St. John Climachus gives a not less striking example of a holy monk, which is so remarkable that I shall give it as nearly as possible in the saint's own words: "A religious named Stephen, who lived in the same desert with us, had a great desire to embrace a more solitary life. He had already acquired a reputation for sanctity, having been favored with the gift of tears and fasting and other privileges attached to the most eminent virtues. Having obtained his superior's permission, he built a cell at the foot of Mount Horeb, where Elias was honored by his marvelous vision of God. Though his life here was one of great sanctity, yet, impelled by desire for still harder labors and greater perfection, he withdrew to a place called Siden, inhabited by holy anchorites who lived in the most complete solitude. Here he continued for some years in the practice of the severest penance, cut off from all human intercourse or comfort, for his hermitage was seventy miles from any human habitation. As his life approached its term he felt a desire to return to his first cell at the foot of Mount Horeb, where dwelt two disciples, natives of Palestine. Shortly after his arrival he was attacked by a fatal illness. The day before his death he fell into a state resembling ecstasy. He gazed first at one side of his bed, then at the other, and, as if engaged in conversation with invisible beings who were demanding an account of his life, was heard crying out in a loud voice. Sometimes he would say, 'It is true, I confess it; but I have fasted many years in expiation of that sin'; or, 'It is false; that offence cannot be laid to my charge'; or again, 'Yes, but I have labored for the good of my neighbor so many years in atonement thereof.' To other accusations he was heard to say, 'Alas! I cannot deny it; I can only cast myself upon God's mercy.'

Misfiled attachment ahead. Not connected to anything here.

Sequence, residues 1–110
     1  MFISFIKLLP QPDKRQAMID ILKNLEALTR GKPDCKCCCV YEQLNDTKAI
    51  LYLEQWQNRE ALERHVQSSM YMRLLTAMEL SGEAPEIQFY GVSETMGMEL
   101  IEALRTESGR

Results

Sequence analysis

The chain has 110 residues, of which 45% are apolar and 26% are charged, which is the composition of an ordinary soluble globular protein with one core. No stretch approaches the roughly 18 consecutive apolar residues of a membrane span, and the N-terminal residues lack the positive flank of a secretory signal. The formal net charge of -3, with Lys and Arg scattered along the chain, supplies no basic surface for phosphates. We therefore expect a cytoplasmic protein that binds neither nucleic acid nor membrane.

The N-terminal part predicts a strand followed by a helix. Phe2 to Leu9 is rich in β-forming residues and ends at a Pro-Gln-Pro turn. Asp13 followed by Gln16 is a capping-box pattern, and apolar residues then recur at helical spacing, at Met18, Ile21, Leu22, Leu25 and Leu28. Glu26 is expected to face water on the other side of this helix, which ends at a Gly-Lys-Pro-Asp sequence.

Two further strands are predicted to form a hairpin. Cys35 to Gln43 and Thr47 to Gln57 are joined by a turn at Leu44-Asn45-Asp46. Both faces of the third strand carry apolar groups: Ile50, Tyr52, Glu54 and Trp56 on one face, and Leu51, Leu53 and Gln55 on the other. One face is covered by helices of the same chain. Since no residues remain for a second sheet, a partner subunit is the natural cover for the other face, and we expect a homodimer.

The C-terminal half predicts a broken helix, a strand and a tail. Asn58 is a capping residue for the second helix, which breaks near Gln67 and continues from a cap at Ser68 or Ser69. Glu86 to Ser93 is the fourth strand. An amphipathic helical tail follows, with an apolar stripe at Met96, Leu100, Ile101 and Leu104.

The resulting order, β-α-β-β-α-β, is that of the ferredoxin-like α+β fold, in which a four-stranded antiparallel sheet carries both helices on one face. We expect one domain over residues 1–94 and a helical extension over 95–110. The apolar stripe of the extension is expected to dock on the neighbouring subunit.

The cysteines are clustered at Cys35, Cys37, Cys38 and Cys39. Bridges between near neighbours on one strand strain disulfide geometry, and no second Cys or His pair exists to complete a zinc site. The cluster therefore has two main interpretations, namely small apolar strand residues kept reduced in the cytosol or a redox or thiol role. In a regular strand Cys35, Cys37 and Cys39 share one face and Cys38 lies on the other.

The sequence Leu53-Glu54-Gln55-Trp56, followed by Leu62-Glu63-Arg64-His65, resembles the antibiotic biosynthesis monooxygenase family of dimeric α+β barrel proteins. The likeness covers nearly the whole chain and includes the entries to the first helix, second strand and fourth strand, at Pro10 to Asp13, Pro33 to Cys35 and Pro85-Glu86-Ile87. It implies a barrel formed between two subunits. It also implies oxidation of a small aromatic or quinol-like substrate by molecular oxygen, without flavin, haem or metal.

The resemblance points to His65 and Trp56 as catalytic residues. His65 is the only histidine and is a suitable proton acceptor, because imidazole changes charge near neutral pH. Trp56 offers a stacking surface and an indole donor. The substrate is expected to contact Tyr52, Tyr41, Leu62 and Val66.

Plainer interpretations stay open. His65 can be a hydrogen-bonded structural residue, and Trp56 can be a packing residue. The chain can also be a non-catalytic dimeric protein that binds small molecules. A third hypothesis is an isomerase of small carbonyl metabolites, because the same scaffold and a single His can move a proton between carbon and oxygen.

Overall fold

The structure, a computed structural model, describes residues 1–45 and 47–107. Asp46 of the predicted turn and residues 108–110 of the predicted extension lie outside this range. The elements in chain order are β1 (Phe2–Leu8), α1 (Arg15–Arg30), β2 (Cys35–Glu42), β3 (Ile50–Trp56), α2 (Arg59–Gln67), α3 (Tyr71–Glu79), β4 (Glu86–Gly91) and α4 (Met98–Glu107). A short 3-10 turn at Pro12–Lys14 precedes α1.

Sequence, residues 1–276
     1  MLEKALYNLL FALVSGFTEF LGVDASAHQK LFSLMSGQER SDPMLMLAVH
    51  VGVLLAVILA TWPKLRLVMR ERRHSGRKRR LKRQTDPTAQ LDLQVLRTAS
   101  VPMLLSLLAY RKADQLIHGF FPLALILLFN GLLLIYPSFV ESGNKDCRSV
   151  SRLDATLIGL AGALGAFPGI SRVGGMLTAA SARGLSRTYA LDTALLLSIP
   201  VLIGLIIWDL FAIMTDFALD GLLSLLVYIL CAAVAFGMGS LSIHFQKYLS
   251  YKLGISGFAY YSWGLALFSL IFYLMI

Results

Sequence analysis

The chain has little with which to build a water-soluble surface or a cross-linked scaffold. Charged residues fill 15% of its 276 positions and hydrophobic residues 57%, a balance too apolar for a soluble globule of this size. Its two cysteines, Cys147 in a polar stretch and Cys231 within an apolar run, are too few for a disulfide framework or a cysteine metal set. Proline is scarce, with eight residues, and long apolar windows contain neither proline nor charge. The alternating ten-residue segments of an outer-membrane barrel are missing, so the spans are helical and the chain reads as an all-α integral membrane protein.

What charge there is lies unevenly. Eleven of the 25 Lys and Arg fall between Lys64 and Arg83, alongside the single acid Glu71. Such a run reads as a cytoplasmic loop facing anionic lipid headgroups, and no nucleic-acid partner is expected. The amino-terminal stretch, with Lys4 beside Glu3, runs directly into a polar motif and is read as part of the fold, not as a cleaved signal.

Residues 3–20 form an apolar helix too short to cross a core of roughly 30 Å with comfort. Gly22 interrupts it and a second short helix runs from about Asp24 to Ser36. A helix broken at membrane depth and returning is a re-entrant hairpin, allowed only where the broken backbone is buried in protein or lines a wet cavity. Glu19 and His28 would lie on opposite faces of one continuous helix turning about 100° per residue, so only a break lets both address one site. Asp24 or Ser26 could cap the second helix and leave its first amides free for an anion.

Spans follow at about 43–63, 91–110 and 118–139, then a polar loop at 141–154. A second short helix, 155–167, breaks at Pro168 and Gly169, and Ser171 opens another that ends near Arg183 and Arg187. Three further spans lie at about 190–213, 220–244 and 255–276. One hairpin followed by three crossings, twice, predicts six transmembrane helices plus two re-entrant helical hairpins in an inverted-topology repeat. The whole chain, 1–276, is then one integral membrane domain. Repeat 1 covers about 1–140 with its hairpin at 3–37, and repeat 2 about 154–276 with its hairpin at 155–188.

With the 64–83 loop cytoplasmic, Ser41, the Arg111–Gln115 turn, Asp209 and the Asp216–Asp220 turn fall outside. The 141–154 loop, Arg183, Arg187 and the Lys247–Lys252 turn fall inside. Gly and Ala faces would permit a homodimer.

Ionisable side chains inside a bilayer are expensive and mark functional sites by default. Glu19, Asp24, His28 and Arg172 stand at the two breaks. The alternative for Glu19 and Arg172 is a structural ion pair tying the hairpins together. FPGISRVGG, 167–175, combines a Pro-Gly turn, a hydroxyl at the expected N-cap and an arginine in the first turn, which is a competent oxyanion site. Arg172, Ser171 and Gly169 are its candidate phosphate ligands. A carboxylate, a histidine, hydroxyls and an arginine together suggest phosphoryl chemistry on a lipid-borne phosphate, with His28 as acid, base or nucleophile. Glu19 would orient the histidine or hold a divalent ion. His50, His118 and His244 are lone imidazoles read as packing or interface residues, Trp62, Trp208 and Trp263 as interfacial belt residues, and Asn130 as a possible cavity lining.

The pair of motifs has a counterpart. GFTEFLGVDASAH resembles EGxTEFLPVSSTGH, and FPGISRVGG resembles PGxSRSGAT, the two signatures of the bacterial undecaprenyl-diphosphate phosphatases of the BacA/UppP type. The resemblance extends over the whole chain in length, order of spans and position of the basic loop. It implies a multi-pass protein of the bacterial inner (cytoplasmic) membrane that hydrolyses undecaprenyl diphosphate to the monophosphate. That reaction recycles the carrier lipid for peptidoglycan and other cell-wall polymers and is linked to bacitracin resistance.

"Surely this was a thrilling spectacle," continues the saint. "I cannot describe the terror with which we assisted at this invisible judgment. O my God! What will be my fate, if this faithful servant, whose life was one long penance, knew not how to answer some of the accusations brought against him? If after forty years of retirement and solitude, if after having received the gift of tears, and such command over nature that, as I am credibly informed, he fed with his own hand a wild leopard which visited him, the saintly monk so trembled for judgment, and, dying, left us in uncertainty as to his fate, what have we not to fear who lead careless and indifferent lives?"
If you ask me the cause of this terror with which the saints are filled, I will let St. Gregory answer for me: "Men aspiring to perfection," says the holy Doctor, "constantly reflect upon the justice of the Sovereign Judge who is to pronounce sentence upon them in the dread hour which terminates their earthly career. They unceasingly examine themselves upon the account they are to render before this supreme tribunal. And if happily they find themselves innocent of sinful actions, they still ask with fear whether they are equally free from the guilt of sinful thoughts. For if it be comparatively easy to resist sinful actions, it is more difficult to conquer in the war which we must wage against evil thoughts. And though the fear of God's judgment is always before them, yet it is redoubled at the hour of death, when they are about to appear before His inflexible tribunal. At this moment the mind is freed from the disturbances of the flesh; earthly desires and delusive dreams fade from the imagination; the things of this world vanish at the portals of another life; and the dying man sees but God and himself. If he recalls no good which he has omitted, yet he feels that he cannot trust himself to give a correct and impartial judgment. Hence his fear and terror of the rigorous account to be exacted of him." (Moral., 24:16, 17).